“Or unlock a monumental treasure!” my Old Dwarf countered with a snort.
“I agree with the Old Dwarf,” my Arrogant One stated, rising from his chair, grasping the front of his cloak and rocking back on his heels in a self-important manner. “How do we know what you say is true? Perhaps you just wish to acquire these riches yourself.”
My Bounty Hunter rose and nodded in agreement, but I cut him off before he could say a word.
“I really don’t care if you believe me or not, any of you!” I retorted, glowering at the assembled group. “I know the origin of the keys, and the dangers of letting them fall into the wrong hands. The keys are now in my possession, where they shall remain. They are magically concealed, so Morcant’s familiar will have no way to locate them, nor will any of you. For your own protection and the protection of both our worlds, I will share the location of the keys with no one, not even Miles. And there will be no further debate on the issue.”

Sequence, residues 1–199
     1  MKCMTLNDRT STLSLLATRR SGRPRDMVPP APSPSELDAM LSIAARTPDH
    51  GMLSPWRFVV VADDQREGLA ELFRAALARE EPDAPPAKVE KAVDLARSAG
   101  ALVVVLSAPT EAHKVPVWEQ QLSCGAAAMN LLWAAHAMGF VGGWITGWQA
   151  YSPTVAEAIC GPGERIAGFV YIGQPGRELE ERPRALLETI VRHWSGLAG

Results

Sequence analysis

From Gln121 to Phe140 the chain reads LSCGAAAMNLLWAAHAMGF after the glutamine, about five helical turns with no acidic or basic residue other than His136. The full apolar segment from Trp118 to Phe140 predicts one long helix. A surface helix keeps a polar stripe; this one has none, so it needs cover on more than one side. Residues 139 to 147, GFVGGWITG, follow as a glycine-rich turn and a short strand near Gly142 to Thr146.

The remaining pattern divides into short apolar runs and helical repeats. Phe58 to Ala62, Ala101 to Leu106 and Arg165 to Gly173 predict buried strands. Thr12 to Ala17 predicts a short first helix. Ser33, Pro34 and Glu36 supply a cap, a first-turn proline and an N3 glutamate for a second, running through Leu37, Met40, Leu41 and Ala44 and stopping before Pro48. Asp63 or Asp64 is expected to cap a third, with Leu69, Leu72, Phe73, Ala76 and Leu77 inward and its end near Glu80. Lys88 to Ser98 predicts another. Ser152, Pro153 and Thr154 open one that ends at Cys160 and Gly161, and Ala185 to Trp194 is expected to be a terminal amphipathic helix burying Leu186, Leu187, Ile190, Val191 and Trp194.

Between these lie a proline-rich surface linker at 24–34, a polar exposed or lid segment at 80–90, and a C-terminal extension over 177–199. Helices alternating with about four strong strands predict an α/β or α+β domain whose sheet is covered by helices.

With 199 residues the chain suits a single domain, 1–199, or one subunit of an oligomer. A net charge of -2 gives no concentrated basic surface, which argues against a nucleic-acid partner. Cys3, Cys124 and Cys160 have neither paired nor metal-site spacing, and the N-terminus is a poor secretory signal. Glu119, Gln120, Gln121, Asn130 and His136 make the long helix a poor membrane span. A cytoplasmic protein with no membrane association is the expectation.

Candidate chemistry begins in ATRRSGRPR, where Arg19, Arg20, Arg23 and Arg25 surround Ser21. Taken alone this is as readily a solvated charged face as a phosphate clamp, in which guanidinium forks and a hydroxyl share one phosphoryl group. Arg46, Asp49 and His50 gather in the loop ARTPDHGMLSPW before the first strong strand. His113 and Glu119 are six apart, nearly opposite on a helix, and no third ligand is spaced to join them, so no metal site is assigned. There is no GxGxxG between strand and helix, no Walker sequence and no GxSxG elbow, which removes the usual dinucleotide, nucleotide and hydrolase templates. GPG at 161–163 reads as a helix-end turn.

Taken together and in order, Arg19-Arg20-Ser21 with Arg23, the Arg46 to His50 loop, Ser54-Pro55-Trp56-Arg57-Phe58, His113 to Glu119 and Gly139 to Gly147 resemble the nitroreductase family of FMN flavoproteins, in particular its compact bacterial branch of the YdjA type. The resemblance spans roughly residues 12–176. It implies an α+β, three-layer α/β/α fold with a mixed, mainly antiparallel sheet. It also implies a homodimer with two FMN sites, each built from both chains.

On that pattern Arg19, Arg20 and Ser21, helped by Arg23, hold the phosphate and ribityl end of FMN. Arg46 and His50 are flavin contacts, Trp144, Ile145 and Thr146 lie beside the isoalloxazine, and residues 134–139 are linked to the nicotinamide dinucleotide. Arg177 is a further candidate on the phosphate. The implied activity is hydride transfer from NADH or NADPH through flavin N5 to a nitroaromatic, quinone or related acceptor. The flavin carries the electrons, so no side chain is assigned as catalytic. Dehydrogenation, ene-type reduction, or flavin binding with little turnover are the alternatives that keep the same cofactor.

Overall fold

I heard some grumbling, and most of my characters nodded rather reluctantly. However, my Foreman stepped forward, his brow furrowed and his jaw tense. “Are you quite certain, Mistress, that the keys can not escape from their place of concealment, and slip back into our world?”
“If there is any chance of them being a threat to our king, we have a duty to try to retrieve and destroy the keys,” my Young Hero added.
“I assure you, they can not escape nor be taken, either physically or through the use of magic; therefore, they pose no threat to your king, or anyone in your world,” I avowed.
The two characters nodded and visibly relaxed, so I continued, “I have not seen Morcant’s familiar since his initial appearance, but I doubt that he has abandoned his quest to recover the keys. Even though there is no way for him to succeed in his mission, there is no end to the mischief and misfortune he might wreak. Should anyone see a rather runty Common Grackle with milky white eyes, drive him off.” My tone invited no argument.